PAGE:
nsm-6Ok. So I was all ready. I was going to start MY birth blog. I was going to be all profound about how cool birth is (which it is) and I was going to be “one more voice out there telling women that they don’t need to be afraid of birth” (which they don’t for the most part) and I was going to share little nuggets of wisdom with the families that I help who bothered to take the time to read what I had to say (as if they don’t already get enough of me in our hour-long prenatal visits). I had the first post all written and ready to go. I got my beautiful blog layout complete with beautiful birth photography courtesy of Tamrah Ryan of CT Ryan Photography, and I was ready.

Then I made a mistake.

I started reading other birth blogs.

You know what? Out here in the internet wilderness, the sheer number of great birth blogs and amazing women writing them is overwhelming. (There’s probably some written by men that I haven’t found yet, as my husband is happy to remind me). I had no idea of the effect reading these blogs would have on my psyche. What could I say that hasn’t already been said? How could my adequate (but admittedly not amazing) writing compete with what all the other amazing women:  mamas and midwives, and other birthy ladies were doing? How could I be as thought provoking and as wise and articulate and compelling as what was already out there?  I paralyzed myself with having to be perfect and well researched and timely and newsworthy and so on and so on.

I admit that I almost gave up. I almost said to myself, “Even though I have announced the pending launch of my blog on dear old Facebook (which I did to hold myself accountable—that’s working out great so far), even though I might have a few interesting things to say, I am going to toss this idea. I don’t have time anyway.”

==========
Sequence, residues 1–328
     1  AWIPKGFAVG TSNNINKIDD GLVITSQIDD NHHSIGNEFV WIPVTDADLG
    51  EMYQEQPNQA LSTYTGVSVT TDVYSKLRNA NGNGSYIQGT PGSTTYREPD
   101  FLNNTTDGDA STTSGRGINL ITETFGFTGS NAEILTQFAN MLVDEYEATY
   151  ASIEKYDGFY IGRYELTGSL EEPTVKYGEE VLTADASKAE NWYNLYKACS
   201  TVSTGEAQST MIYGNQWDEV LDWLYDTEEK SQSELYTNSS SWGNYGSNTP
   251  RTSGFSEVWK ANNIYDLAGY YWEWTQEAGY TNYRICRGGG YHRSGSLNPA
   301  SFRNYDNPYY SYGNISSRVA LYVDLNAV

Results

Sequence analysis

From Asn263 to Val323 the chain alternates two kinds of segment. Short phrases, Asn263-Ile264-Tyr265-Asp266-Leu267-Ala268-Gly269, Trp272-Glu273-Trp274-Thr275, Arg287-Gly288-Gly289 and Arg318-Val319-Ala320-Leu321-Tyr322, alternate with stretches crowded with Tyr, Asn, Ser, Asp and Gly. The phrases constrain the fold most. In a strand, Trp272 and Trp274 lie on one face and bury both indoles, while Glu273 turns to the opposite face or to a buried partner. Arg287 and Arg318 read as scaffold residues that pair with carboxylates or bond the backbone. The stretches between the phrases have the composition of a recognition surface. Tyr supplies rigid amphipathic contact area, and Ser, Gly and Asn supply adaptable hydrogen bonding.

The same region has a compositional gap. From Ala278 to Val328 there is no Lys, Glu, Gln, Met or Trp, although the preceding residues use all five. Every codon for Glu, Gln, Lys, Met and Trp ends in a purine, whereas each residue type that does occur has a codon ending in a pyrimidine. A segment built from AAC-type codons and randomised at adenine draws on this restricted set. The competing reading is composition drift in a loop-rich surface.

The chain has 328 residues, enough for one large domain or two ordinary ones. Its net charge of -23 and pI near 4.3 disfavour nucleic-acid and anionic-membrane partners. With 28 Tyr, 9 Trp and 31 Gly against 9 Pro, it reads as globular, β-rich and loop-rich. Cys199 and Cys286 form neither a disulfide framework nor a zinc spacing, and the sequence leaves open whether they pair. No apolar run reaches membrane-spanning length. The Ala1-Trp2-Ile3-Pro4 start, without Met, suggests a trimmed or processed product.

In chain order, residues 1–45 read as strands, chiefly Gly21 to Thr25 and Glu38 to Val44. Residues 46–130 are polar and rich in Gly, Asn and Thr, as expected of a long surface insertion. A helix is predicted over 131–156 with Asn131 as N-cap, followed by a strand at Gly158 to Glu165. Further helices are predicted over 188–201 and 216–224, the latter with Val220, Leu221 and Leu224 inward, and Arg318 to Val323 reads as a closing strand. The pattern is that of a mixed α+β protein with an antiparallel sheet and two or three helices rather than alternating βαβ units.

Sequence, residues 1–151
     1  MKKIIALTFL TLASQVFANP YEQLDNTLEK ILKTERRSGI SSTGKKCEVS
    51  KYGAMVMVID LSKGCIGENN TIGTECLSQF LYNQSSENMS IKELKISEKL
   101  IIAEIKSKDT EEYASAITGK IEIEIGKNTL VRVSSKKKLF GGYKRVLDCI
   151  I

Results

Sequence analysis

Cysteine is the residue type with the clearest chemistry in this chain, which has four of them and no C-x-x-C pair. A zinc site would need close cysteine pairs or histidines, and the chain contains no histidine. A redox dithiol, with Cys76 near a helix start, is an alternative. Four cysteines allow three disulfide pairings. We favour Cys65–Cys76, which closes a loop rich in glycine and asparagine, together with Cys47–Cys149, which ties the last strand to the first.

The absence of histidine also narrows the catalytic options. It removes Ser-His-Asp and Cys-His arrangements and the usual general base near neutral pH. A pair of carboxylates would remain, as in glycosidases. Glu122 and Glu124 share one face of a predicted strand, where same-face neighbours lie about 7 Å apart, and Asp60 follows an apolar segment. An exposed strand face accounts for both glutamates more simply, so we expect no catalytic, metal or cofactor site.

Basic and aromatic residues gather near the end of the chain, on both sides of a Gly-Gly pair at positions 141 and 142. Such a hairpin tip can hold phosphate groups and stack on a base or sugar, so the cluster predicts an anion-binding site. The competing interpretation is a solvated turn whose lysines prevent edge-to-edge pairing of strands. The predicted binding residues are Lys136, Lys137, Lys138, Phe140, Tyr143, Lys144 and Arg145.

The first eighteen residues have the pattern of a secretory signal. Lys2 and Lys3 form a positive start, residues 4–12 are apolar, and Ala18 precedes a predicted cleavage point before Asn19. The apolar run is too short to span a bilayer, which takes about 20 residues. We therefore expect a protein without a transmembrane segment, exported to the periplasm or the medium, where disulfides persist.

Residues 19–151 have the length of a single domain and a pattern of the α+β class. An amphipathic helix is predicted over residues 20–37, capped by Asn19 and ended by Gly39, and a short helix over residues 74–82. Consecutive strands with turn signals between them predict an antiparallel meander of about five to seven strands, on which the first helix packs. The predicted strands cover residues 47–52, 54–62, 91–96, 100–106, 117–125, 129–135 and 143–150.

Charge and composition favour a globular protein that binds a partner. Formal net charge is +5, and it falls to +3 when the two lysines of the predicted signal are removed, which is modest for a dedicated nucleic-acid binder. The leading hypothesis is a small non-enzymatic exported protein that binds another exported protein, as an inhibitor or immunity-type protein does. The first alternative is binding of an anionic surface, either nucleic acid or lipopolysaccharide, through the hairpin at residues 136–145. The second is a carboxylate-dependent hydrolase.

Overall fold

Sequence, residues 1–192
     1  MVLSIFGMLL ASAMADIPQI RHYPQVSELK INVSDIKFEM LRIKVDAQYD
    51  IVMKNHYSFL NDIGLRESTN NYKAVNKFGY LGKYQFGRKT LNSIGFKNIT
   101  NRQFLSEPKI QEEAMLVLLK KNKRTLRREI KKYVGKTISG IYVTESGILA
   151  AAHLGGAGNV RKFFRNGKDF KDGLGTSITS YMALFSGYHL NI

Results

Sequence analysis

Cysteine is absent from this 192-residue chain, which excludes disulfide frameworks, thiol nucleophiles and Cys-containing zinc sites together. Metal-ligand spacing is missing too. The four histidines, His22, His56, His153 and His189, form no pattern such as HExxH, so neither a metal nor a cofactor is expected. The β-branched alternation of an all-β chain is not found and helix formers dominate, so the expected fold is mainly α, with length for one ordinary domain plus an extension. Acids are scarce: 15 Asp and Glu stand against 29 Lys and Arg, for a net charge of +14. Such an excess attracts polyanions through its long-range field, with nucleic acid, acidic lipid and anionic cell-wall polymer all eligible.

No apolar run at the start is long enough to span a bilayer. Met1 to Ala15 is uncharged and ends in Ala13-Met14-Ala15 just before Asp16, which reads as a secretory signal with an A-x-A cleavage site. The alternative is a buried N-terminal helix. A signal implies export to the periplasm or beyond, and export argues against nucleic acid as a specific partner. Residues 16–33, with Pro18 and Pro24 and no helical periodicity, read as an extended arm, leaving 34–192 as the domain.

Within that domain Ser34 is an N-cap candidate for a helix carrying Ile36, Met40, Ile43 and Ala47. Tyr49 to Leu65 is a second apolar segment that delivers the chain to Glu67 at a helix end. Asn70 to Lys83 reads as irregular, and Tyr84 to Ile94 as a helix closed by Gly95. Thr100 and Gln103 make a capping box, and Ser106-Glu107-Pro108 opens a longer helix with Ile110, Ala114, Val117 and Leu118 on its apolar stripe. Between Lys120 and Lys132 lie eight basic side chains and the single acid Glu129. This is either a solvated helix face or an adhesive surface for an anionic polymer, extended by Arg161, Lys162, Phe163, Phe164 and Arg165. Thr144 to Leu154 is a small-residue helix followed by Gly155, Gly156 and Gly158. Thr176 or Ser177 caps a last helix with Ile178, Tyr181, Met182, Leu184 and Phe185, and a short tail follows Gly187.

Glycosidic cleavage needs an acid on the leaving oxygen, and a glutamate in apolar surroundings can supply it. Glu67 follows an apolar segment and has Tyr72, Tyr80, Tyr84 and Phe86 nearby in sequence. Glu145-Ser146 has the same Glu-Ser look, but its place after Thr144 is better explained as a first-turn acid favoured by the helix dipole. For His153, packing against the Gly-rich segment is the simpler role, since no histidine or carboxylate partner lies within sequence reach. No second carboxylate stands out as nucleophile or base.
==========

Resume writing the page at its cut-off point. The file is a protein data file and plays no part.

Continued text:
And the truth is, I don’t really have time. I have two small children, a midwifery practice that is busy enough, a home to maintain (which I don’t do very well), and not enough time to do the things I have to do already let alone do the things I actually want to do.

But then I came back to the reason that I wanted to start this in the first place. I was sitting in a room full of women telling stories about birth. Stories of their own births and stories of births they had attended  and it struck me that even with all this information “out there,”  women on a daily basis are still being mistreated in their births. Whether it is subtle intimidation, more overt bullying, or sometimes even outright abuse, laboring mamas and their babies, at their most vulnerable moments, are being treated in this way. And sitting in this circle of women I realized that I needed to do something more.

I’m thrilled to say that in the bigger picture, things are changing for the better. More and more women are choosing out of hospital birth and more specifically home birth. Last week the CDC announced that homebirth had increased by 29% between 2004 and 2009. You can read that report here. The overall number of homebirth is still very small though, the national number is still less than 1%. But an increase of 29% is huge when prior to 2004 the numbers had actually been going down!

I am proud to be part of that bigger picture. Still, serving families one-on-one, while amazing, is very small. Sometimes you make a difference in that family’s life. Sometimes you don’t. Either way, the blessing and the curse of being a homebirth midwife is that you are still only working with one family at a time. It’s a trade-off: in a small homebirth practice like mine, I feel a great amount of joy in the closeness I feel with my families, but I know I am not reaching that many people.

So here I am. I am a homebirth midwife and I love my work. I hope that I will occasionally say something that means something to you. I hope that I can make a difference for some mama out there who doesn’t know me from a hole in the ground, and that this blog, no matter how amateur, might be one more way that I can connect my personal experience to the bigger picture.


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